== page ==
Parallax means “The displacement or the difference in apparent direction of an object as seen from two different points not on a straight line with the object”.
Right. Now in plain English: “In web design, parallax refers to the scrolling technique used to create the illusion of depth on websites.”
The use of this technique to create the illusion of movement and depth was a breakthrough, but In fact, it’s not really new. Creating the illusion of depth can also be traced back to older forms of media, like video games for example, but the application, for some reason, has only recently used for web sites. It’s now so common we aren’t even aware of it – it’s seems so natural. Like watching a movie, a parallax website looks so natural and real, the viewer doesn’t even know the effort involved in making it.
Back in the “Stone Age”, which for computers and software was around 1980 or so when Tetris was cutting edge, websites were essentially text and static images: It’s the difference between a poster or sign outside a storefront and an animated neon sign with color and movement to catch a potential customer’s eye and enticing them to come in and see what’s happening.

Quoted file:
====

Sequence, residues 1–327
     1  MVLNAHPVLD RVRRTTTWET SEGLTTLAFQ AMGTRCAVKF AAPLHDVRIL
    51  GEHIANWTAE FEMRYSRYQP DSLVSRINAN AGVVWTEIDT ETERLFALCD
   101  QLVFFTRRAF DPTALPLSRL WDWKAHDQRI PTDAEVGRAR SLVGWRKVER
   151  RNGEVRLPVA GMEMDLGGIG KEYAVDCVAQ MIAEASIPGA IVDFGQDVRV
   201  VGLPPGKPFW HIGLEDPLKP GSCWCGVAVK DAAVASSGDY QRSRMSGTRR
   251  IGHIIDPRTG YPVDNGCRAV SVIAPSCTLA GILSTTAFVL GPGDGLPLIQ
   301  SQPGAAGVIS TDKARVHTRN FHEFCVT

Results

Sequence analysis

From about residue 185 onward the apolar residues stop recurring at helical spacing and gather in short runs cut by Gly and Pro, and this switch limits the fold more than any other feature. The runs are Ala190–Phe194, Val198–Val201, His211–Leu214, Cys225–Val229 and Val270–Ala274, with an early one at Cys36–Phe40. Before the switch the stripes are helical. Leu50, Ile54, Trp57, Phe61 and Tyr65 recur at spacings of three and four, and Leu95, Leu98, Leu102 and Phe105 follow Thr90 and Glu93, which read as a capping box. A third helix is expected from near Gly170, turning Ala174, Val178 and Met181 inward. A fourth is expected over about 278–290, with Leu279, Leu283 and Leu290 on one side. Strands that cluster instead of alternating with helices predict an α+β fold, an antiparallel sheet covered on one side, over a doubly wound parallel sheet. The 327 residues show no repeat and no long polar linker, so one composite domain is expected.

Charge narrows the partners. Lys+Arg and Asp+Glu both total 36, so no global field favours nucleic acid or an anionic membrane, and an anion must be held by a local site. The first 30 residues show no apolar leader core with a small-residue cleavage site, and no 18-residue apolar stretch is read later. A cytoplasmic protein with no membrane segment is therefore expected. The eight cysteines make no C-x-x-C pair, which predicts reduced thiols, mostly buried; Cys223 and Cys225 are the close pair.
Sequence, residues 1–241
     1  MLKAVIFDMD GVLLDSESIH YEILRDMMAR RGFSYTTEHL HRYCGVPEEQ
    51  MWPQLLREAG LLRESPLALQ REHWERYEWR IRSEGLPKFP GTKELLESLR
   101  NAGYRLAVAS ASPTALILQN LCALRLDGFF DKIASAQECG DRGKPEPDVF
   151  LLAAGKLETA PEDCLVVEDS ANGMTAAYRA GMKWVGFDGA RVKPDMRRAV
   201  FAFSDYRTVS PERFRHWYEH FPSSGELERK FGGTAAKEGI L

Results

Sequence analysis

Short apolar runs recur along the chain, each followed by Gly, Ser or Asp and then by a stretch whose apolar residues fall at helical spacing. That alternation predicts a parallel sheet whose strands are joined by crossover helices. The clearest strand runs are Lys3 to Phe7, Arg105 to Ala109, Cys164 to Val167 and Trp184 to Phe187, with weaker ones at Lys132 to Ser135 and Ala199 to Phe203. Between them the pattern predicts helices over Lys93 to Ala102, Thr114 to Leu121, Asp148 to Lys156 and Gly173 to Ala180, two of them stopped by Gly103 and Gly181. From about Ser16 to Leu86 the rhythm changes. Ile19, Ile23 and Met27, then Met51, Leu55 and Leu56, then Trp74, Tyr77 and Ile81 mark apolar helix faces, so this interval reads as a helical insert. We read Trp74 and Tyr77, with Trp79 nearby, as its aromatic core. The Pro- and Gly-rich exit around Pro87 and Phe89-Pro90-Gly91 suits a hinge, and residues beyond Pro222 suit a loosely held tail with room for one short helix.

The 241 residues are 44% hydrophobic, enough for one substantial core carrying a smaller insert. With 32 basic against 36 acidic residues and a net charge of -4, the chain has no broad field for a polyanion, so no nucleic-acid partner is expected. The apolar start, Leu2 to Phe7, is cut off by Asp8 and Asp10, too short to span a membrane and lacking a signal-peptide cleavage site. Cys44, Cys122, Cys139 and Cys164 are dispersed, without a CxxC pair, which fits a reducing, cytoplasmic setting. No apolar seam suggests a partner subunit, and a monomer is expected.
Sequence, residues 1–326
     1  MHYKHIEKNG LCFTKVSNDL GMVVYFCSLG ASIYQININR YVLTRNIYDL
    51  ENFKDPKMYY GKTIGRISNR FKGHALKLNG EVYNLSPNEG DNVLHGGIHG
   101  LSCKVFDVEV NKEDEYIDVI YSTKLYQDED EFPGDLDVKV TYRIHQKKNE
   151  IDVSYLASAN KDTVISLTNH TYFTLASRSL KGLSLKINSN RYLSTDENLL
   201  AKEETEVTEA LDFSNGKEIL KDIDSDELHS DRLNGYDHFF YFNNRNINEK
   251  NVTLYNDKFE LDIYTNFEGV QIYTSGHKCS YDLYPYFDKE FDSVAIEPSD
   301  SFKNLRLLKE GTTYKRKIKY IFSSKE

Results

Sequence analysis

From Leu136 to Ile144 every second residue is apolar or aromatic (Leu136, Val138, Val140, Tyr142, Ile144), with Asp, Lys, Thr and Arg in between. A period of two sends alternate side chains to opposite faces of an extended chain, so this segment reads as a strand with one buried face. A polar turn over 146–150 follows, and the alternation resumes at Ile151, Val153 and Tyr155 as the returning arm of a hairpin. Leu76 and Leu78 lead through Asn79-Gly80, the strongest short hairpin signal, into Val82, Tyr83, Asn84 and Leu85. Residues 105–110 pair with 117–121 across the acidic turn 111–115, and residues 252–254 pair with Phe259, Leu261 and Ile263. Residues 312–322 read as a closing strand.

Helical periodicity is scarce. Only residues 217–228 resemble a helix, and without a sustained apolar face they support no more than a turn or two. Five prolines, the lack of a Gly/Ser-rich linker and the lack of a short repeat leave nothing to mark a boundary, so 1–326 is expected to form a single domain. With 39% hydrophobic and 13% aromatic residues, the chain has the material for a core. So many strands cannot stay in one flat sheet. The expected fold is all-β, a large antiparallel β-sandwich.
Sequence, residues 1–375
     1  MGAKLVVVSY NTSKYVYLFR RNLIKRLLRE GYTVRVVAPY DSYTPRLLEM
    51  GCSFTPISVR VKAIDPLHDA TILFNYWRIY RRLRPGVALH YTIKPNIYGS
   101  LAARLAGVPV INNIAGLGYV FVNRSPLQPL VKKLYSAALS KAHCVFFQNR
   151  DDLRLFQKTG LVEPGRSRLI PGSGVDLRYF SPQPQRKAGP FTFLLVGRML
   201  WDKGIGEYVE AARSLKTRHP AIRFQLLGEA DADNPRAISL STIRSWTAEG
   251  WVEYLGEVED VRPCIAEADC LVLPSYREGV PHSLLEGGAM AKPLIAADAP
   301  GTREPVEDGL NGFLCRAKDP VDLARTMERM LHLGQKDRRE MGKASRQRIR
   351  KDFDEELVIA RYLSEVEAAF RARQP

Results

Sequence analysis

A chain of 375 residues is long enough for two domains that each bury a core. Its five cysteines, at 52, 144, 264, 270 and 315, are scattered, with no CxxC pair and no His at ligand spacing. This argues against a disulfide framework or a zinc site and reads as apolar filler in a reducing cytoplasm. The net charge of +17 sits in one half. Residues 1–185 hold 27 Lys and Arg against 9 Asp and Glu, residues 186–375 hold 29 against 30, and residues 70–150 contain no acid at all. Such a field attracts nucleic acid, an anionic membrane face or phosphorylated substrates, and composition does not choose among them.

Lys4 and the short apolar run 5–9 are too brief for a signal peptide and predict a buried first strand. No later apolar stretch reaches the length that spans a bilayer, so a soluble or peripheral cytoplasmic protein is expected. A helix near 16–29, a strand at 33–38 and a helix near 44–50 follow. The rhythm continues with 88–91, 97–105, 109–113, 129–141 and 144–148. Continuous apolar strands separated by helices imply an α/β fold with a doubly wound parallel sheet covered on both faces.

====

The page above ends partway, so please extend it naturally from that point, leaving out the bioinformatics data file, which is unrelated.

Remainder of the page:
It’s subliminal. We react to color, and movement, and it’s no accident that web browsing is now the main method for shopping, amusement and even news. Any company that doesn’t have a website that catches the attention of a casual browser – be it for clothes, automobiles or canned goods, is not going to stay long in business in the web.
Web design is on the verge, if not already there, of being an art form in itself as well as a means to reach and engage potential customers and casual browsers far more than TV and magazine advertisements.